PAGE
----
Surprisingly, I LIKED Helena Bohnam Carter's "Julia" and Jackie Earle Haley's "Willie" the most; surprising because I thought JEH was a rather weird choice for the character (although I really like the actor) and HBC was simply.. well let's just say she didn't leave a good impression during the film's publicity talking shit about Grayson Hall. Well, that didn't stop her from giving a good performance nonetheless. I thought both of their renditions of those characters were the most faithful to the original; they obviously did their homework.
When the actors were announced, I'd thought Michelle Pfeiffer was an excellent choice for "Liz". While I still LIKED her in the film, I thought she was unbelivable at times. One would argue that the film itself is tongue-in-cheek in tone but one of the best things about the show is that the actors took their jobs very seriously regardless of how silly the story would be. Nevertheless, I give her a gold star for being a devoted fan of the show.
I can't say I DIDN'T LIKE Chloe Grace Moretz as "Carolyn" but hers was a very different approach to the character. I think she did her best as the troubled teenager but isn't she becoming the poster child for tough talking or odd teen roles, like Dakota Fanning was the girl who could cry? (Though, Grace will always be the girl in Kick-Ass that goes "He has a special signal he shines in the sky. It's in the shape of a giant cock"). The werewolf twist was played well until the moment of revelation. After that, it was just irrelevant to the overall story.
Eva Green's "Angelique" was less hysterical and more overt. The only thing I LIKED about her was the part when she cracked like an eggshell in the end. The actor who played Roger was alright but his character was the most pointless of them all. No wonder he eventually got the boot: Barnabas' boot of family values! Same goes for David; he was there just for the sake of at least keeping the show's original premise intact. And I DIDN'T LIKE that underuseage. Mrs Johnson was a peach and a half.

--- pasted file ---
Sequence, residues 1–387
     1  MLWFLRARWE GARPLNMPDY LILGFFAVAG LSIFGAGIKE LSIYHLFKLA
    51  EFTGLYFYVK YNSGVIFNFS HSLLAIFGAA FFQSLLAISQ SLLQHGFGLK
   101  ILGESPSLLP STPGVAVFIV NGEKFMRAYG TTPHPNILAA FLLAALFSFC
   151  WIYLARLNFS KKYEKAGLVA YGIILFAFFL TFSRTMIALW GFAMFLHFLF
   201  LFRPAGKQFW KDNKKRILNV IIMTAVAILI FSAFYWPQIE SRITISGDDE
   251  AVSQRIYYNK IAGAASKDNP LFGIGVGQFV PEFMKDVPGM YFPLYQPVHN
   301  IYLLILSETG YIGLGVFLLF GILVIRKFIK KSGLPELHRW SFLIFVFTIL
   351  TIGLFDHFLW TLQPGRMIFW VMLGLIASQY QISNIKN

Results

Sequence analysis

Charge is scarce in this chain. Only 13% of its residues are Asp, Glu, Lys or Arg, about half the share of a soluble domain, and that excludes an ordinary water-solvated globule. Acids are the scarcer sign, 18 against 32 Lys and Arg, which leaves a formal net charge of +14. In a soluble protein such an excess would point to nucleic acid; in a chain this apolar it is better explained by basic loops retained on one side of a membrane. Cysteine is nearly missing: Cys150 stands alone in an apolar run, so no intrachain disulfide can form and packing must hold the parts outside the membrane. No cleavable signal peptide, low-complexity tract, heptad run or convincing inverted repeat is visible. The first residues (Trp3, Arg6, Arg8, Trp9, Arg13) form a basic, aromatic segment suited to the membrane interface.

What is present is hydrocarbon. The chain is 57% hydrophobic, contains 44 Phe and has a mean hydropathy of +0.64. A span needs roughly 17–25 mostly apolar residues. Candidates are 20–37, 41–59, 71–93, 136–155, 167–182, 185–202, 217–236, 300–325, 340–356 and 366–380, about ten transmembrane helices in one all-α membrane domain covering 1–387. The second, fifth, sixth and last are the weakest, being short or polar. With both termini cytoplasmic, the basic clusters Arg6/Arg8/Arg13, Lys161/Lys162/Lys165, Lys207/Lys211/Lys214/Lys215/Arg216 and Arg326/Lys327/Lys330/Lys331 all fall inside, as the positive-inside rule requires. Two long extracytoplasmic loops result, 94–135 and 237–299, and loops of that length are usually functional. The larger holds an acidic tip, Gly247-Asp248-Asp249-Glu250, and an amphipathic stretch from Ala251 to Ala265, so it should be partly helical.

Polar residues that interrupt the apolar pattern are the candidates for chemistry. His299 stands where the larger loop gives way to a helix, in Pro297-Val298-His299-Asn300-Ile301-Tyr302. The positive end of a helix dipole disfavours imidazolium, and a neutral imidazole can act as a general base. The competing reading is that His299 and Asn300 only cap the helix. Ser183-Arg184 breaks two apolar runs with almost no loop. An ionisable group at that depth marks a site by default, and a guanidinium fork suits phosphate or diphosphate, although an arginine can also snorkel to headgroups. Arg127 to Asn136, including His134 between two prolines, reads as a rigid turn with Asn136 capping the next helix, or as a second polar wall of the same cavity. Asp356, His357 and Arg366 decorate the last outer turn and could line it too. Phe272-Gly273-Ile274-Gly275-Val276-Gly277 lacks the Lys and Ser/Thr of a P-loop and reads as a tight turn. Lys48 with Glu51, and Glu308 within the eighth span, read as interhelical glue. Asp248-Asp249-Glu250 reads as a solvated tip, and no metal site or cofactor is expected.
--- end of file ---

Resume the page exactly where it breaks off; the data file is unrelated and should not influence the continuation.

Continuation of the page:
*I DISLIKED the montage sequences. Too many of those water up the mood.
-I LIKED the way they twisted Julia's original story around but once again it felt like they did those radical changes to keep it interesting because they didn't know what to do with the vast choice of characters since they didn't fit in the main plot.
*I DIDN'T LIKE Barnabas-Angelique sex scenes. Sorta.
*I DISLIKED that they made up a new character for Christopher Lee when Bill Malloy would have been perfectly suitable as he had been rumoured to play.
|At least one Julia got happy|
-Finally I was WTF'd by Julia giving Barnabas head. Makes me wonder what Grayson Hall's Julia would have to say about that.
All in all, I thought it was a nice adaptation. I had fun watching it although I don't know if it was because of trying to grab all the references and nods to the original. Although I understand the strong, negative fan response it'd be good to look at it that way. Burton didn't ruin the original; it'll always be there. Which I should return to anyway.
See you in the original Collinwood. Ciao!